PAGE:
Tag Archives: Appeal

Named Plaintiffs Can’t Voluntarily Dismiss Individual Claims in Order to Appeal Class Certification Denial

View David Wright's Complete Bio at robinsonbradshaw.comEarlier this year, we hazarded a guess that the Supreme Court was split 4-4 regarding a Ninth Circuit decision holding that a named plaintiff could achieve appellate review of a decision denying class certification by voluntarily dismissing his individual claims. It turns out, based upon the Supreme Court’s decision in Microsoft Corp. v. Baker [], that the internal debate was not so much over whether the Ninth Circuit erred in allowing the appeal, but whether that error had both statutory and constitutional implications. The Supreme Court had accepted certiorari to review “[w]hether a federal court of appeals has jurisdiction under both Article III and 28 U.S.C. Section 1291 to review an order denying class certification after the named plaintiffs voluntarily dismiss their individual claims with prejudice.” With Justice Gorsuch on the sidelines, the Court unanimously held that the named plaintiffs’ gamesmanship did not allow appellate review, but the justices differed in their reasons for that outcome.

Five members of the Court, led by Justice Ginsburg, concluded that such an appeal was inconsistent with F.R. App. P. 23(f). The majority reasoned that “[r]espondents’ voluntary-dismissal tactic . . . invites protracted litigation and piecemeal appeals,” and would – essentially – turn Rule 23(f)’s “discretionary regime” into a license for plaintiffs to force an interlocutory appeal of a ruling denying class certification. This, the Court noted, would upset “Rule 23(f)’s careful calibration” and “Congress[’] final decision rule would end up a pretty puny one.”

In our previous post, we sounded an alarm about the “one way street” that was a feature of the Ninth Circuit’s decision, noting that “This option—if allowed by the Supreme Court—works only for plaintiffs in class action cases, not defendants. If defendants suffer an adverse class certification ruling, and the appellate court does not exercise its discretion to accept the interlocutory appeal, defendants must litigate the case to judgment before obtaining review of the class determination.” Justice Ginsburg agreed with us on this point, observing in her opinion for the majority that “[t]he one-sidedness of respondents’ voluntary-dismissal device ‘reinforce[s] our conclusion [of no jurisdiction],” and that “the ‘class issue’ may be just as important to defendants.”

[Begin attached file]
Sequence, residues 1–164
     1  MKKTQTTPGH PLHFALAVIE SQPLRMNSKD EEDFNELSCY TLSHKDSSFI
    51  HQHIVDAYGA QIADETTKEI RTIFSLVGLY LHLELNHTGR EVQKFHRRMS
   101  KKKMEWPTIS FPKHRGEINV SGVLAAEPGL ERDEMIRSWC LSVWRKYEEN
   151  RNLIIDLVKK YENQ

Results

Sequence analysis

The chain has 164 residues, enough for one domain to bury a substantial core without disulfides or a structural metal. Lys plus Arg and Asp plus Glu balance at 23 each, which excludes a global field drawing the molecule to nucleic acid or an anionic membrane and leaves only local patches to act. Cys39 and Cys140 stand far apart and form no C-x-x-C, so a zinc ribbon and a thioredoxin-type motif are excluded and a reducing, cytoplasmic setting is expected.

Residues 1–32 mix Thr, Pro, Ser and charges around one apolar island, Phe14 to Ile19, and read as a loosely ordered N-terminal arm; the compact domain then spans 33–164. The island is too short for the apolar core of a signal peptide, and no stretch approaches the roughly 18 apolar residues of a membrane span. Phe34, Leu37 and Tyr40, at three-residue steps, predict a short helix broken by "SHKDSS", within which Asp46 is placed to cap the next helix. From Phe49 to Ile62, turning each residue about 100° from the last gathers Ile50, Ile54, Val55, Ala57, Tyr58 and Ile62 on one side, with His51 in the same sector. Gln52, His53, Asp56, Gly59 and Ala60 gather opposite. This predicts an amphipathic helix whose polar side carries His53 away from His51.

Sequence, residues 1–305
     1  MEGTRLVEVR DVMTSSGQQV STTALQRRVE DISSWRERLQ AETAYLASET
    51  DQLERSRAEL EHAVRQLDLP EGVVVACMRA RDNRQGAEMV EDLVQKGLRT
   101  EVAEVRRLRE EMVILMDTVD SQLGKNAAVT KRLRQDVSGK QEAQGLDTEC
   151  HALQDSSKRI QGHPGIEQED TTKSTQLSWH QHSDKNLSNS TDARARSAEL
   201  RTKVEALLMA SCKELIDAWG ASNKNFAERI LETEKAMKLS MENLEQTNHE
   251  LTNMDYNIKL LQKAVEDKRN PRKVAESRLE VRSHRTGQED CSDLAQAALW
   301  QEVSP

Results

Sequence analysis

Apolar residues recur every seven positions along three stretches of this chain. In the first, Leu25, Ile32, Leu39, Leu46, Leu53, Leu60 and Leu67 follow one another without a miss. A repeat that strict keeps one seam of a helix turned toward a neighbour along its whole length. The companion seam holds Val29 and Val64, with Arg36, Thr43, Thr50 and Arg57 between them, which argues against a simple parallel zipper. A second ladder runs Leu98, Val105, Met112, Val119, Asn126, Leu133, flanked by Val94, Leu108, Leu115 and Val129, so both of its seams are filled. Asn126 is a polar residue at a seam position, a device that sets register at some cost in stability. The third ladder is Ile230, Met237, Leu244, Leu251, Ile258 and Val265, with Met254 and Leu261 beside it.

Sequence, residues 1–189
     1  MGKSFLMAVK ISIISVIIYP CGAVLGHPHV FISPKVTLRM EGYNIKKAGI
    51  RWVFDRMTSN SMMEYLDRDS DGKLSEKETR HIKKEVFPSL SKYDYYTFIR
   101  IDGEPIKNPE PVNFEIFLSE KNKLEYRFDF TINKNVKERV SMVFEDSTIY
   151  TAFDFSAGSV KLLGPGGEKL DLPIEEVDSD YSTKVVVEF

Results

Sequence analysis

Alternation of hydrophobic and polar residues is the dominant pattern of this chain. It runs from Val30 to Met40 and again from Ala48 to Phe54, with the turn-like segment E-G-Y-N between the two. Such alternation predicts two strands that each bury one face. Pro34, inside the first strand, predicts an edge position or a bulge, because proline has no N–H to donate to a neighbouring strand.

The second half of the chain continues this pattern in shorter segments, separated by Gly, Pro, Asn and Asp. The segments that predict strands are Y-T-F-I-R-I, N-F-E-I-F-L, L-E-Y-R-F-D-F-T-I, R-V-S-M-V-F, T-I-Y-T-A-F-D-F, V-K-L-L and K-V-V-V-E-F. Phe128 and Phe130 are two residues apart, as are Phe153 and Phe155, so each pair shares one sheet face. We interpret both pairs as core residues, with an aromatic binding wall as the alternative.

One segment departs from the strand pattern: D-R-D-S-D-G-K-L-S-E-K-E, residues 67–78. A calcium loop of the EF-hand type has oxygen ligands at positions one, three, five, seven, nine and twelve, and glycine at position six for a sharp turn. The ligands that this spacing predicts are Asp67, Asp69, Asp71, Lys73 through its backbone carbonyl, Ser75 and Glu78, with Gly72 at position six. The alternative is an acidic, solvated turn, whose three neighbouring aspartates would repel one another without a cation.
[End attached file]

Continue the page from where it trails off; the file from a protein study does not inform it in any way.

Although the majority founded its decision on 28 U.S.C. Section 1291, thereby avoiding the Article III issue, Justice Thomas, joined by Justice Alito and the Chief Justice, wrote a concurring opinion that took the constitutional issue head on. The concurrence argued that there was no Article III “case or controversy” following the named plaintiffs’ dismissal of their claims. Justice Thomas noted that “it has long been the rule that a party may not appeal from the voluntary dismissal of a claim,” and that the parties were “no longer adverse to each other on any claims” after that dismissal. A favorable ruling on class certification could not, the concurring opinion explained, “revive [the named plaintiffs’] individual claims.”

With deference to the Ninth Circuit jurists who proceeded to adjudicate the appeal in Baker, this was not a particularly hard case. In Coopers & Lybrand v. Livesay, 437 U.S. 463 (1978), the Supreme Court unanimously rejected the so-called “death-knell” doctrine, which had permitted plaintiffs to appeal as of right a district court order denying a motion for class certification. Given that decision, and the fact that Rule 23(f) appellate jurisdiction is discretionary, not mandatory, it is difficult to see how a voluntary dismissal gambit could ultimately succeed. Unfortunately now for Xbox gamers, they will have to litigate their ‘disc gouging’ claims one by one . . . .

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Pending Bill Would Permit Interlocutory Appeals of Class Certification Decisions Directly to NC Supreme Court